I had another revelation; that hindsight isn’t worth a damn when you’re about to explode at both ends in a fancy restaurant owned by someone you’re trying to impress. I was just about to get up to find the gents, when as if on cue, Mr. Sharp appeared. Then, I couldn’t leave even though I desperately needed to. I had to be cordial instead.
John Oliver Sharp was well dressed, and well coifed, just like in every newspaper I’d seen him in. He looked at me and smiled broadly. And he looked at the empty bowl, and his smile faltered. Then, he looked back at me again, trying to bolster that smile again.
“Randall? Tom’s boy, isn’t it?” He extended his hand and smiled, turning his attention away from the empty candy bowl back to me and my smeary, guilty face that, I suppose now, had been getting more and more green.
Something gurgled inside of me. I stood up and smiled wanly. Something else gurgled and shifted. I took his hand and shook it, opening my mouth to tell him how thankful I was that he agreed to meet me. My intentions in that moment were sterling silver. I was going to tell him what an honour it was to meet someone of his stature. I was going to tell him that when I learned that he and my Dad had been childhood friends, I could barely believe it was true, but was glad that it was. I was going to say that I’d looked forward to this meeting for two weeks. I was going to say any number of things that I truly did feel at the time. All of those statements, had I made them, would have been absolutely true.
But instead of saying any or all of those things, I projectile puked all over him.
It was a deluge of multicoloured, sticky, cloying, sickeningly pungent oil slick liquid stink, mixed with the remnants of the bacon and eggs my mother had prepared for me that morning. Both of us stared at one another for what seemed an eternity, multicolored strands of goo oozing off of both of us. It’s hard to tell whether I wanted to stay in that moment, or to desperately escape from it. While in it, I didn’t have to face what might happen next. But while still in that moment, I’d have to imagine the full horror of what the next thing would be.
“I see you’ve had some of my Licorice allsorts,” he said, eventually.
Things were kind of a blur in my memory after that. There was a scream of disgust or two as I recall. And someone laughed themselves silly. Frank Sinatra sang “They’ve got an awful lot of coffee in Brazil…” over a radio somewhere. I remember that Mr. Sharp was pretty gracious about the whole thing. He got his people to help clean me up. When I was half-presentable in a clean busboy uniform and my suit was put into a plastic suit bag, they put me in a cab, and sent me home on his dime. I never saw him again, except in the papers and the news over the years. My encounter with him never made the headlines, luckily.
Besides my being completely mortified, there was no real harm done. I don’t know for sure, but I suspect the biggest impact was that Mr.Sharp’s love of Bassett’s Licorice Allsorts was forever changed. My Dad wasn’t even all that mad when I told him what happened. He just laughed at me for the rest of his life about it, which I guess was his due. He’d tell the story as I’d told it to him at pretty much every family gathering until the year he died as if he were telling it for the first time. It was his party piece. The punchline was always the same: “Well, you know what they say; it takes ALL SORTS… (cue laughter)”. I laughed too. With some distance behind me, it was a pretty funny thing that happened and worth re-telling even that many times.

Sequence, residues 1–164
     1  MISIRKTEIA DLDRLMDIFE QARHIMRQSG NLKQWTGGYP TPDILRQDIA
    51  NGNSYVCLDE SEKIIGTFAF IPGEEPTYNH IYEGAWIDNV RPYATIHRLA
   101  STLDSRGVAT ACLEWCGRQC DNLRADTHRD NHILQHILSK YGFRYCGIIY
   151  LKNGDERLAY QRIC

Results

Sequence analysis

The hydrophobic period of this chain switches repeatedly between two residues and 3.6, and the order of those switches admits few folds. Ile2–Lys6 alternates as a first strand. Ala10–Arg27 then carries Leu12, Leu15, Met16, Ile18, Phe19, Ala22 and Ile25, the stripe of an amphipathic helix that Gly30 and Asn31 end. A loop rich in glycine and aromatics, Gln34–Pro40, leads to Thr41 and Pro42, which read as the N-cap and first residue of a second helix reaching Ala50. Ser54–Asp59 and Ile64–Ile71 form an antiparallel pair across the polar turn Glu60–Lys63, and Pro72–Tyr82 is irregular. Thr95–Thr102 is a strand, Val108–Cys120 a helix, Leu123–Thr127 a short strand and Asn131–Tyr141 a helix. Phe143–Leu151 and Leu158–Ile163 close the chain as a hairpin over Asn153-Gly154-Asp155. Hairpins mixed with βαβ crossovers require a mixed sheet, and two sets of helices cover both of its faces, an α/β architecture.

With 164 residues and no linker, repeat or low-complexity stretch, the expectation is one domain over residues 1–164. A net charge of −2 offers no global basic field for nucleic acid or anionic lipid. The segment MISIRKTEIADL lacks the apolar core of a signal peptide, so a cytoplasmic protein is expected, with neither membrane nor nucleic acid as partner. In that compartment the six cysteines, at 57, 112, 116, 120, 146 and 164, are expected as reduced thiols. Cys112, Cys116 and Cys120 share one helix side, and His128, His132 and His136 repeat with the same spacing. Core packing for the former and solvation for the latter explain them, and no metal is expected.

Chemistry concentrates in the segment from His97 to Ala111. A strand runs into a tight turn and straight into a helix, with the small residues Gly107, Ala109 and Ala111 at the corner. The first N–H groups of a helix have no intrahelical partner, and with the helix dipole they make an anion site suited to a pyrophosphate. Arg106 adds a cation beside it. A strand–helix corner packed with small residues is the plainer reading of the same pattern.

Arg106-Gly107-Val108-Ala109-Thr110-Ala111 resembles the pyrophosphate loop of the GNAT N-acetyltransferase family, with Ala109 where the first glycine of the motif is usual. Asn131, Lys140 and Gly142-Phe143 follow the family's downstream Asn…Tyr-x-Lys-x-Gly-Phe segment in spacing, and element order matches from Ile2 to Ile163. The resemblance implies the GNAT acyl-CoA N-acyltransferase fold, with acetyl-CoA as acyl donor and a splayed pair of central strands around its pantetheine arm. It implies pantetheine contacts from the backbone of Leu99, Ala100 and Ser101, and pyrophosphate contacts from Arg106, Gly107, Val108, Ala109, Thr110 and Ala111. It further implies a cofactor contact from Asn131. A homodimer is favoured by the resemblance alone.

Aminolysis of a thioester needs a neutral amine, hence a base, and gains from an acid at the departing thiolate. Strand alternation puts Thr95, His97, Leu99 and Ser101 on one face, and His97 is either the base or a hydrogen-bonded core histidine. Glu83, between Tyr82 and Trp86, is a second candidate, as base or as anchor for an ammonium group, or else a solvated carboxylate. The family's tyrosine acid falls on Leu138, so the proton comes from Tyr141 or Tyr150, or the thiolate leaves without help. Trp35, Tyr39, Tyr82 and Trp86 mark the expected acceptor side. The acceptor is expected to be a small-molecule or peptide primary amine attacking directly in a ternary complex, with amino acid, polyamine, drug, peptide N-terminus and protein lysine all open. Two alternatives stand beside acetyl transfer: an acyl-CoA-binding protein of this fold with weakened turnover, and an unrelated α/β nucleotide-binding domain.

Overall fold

Maybe my Dad would have been more upset with me if I hadn’t decided to make a plan of my own pretty soon afterwards. I finally got off my butt and decided to travel that year, backpacking around Europe, then hitting Morocco, Egypt, Turkey, India, and then onto Japan for a while until applying for school when I was ready. Dad probably would have been much more bitter due to his ungrateful, unmotivated screw-up of a kid if I hadn’t got a publishing deal after graduating with honours at Columbia, becoming a journalist and later a travel writer. Maybe you’ve read some of my stuff, or maybe not. The point is, things turned out OK.
But, you know, maybe none of that would have mattered to my Dad anyway. I’d misjudged him all along. He wasn’t trying to run my life like I thought he was by setting up that ill-fated meeting with John Oliver Sharp. It was just his love for me that inspired him to get me in front of one of the most celebrated people he knew. The whole time, he just hoped for me what I eventually hoped for my own kids; that I’d get the help from him that he thought I needed in order to become the person I was meant to become. And he was right about the negative effects of eating candy too, even though if I’d listened to him about that, maybe my life would have taken me down a road that would have been harder to turn back from. Following the herd can be a lot like taking candy from a bowl one by one. The years fly by, and before you know it, your life is just a series of empty years.
I don’t touch sweet stuff these days. Maybe it’s because I’m forever put off by them since that day. Maybe I’m worried that I still like them too much for my own good. My wife, my kids, and my grandkids are sugar fans, though.
It does indeed take all sorts.